Thirty three years ago, the City of Battle Creek closed the old Fire Station #4 on Kendall Street.  It had served the neighborhood of 80 years, ever since the Advance Thresher Company had it built across the street to protect their business.   But once the merger between the city and township went through, it was no longer needed.   The old station sat empty for seven years, and the city started accepting bids to tear it down.  That’s when a citizen named Warren Lun stepped in.

Lun had moved back into Michigan, and was looking for a place to keep his antique firetrucks, firefighting equipment and memorabilia.   Lun stepped in and saved the building, keeping it up and preserving it.    Fast forward 26 years, and something remarkable is happening in the latest chapter of the old station.

On Wednesday, FireKeeper’s Casino broke ground on a project that will convert it into a restaurant, with community meeting rooms, and a Food Bank food pantry.  And, the adjacent land, just south of the railroad tracks, will have greenhouses built to grow food for free salad bars at downtown schools.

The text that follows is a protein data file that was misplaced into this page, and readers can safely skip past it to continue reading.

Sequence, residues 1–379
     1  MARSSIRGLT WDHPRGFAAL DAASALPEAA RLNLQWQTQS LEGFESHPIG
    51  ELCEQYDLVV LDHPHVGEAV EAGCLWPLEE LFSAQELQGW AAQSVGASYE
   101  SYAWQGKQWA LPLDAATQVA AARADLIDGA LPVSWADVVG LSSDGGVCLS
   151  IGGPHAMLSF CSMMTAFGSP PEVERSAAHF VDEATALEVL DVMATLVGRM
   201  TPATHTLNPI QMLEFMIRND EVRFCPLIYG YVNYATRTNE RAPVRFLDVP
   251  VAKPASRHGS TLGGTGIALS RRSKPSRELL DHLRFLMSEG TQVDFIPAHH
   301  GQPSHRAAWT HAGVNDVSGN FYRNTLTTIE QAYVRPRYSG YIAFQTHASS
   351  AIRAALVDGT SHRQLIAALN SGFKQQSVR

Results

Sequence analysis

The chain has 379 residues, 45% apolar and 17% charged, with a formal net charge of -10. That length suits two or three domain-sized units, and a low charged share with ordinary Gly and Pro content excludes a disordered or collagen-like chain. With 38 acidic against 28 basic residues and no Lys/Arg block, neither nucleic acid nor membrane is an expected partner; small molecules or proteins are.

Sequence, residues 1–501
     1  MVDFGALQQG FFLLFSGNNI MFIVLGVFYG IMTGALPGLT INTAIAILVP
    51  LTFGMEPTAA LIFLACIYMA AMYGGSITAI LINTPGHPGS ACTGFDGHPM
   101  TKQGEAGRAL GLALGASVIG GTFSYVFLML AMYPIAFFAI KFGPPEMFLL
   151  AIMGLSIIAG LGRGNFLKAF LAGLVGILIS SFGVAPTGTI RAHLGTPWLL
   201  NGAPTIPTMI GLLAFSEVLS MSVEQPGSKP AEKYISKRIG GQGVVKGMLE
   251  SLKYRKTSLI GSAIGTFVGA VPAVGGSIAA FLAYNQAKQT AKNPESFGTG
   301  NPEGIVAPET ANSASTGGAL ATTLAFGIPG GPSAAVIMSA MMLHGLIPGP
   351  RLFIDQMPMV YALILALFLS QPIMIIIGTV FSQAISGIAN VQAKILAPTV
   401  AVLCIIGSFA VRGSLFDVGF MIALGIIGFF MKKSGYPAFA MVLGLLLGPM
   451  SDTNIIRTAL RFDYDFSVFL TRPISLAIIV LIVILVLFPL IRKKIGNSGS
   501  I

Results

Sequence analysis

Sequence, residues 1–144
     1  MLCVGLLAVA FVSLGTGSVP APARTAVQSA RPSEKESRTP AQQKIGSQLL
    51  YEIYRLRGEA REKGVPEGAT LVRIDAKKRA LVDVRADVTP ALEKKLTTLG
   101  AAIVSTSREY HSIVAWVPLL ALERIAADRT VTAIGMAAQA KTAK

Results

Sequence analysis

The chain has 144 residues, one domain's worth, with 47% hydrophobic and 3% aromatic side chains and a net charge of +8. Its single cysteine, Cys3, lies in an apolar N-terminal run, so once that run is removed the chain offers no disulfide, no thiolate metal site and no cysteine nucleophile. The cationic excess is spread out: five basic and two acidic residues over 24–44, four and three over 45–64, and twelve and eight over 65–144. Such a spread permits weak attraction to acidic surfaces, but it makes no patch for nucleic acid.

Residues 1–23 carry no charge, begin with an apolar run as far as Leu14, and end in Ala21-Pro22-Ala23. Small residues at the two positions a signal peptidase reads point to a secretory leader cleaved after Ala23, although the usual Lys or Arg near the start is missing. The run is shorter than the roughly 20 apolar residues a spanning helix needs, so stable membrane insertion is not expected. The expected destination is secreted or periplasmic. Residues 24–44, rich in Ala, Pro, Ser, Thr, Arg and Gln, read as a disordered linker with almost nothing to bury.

FireKeeper’s says construction work on the project will begin immediately.  The building is in amazing shape, since Warren Lun lived there as he worked on it for those 26 years.   He estimates that he’s probably spent $100,000 over the years.

This firehouse, which opened on July 2, 1904, was the last one in the city to use horse-drawn equipment, finally getting motorized equipment in 1917.   The original building cost $8,100 to build.

Like two other fire stations in Battle Creek, it wasn’t government that built them, but private industry.  The No. 2, at 145 N. Washington St. across from the Hart-Dole-Inouye Federal Center, was built by John Harvey Kellogg, and No. 3, at the corner of Cliff and Grenville streets was built by Post Cereal.  Warren Lun kept it going for another quarter century, and now another non-governmental entity, FireKeeper’s Casino, will take it to a new use.

Lun says he is happy to find somebody who will take care of the building and to help further preservation of Battle Creek history.

FireKeeper’s spokesman Jim Wise says the restaurant could be open in time to take the family to dinner over the holidays later this year, and he says 80% of the profits will be donated to local charities.  Wise says the other 20% of profits will be used to maintain the building.  He says they will have a process by which local non-profit groups may apply for funding.

The concept for the building was the vision of Chef Mike McFarlen, Vice President of Food and Beverage at the Casino.   McFarlen is also a board member of the Food Bank of South Central Michigan. He says the restaurant, which will be formally named soon, will feature an array of sandwiches, thin crust pizza and desserts, and an artisan bakery with a wide array of baked goods.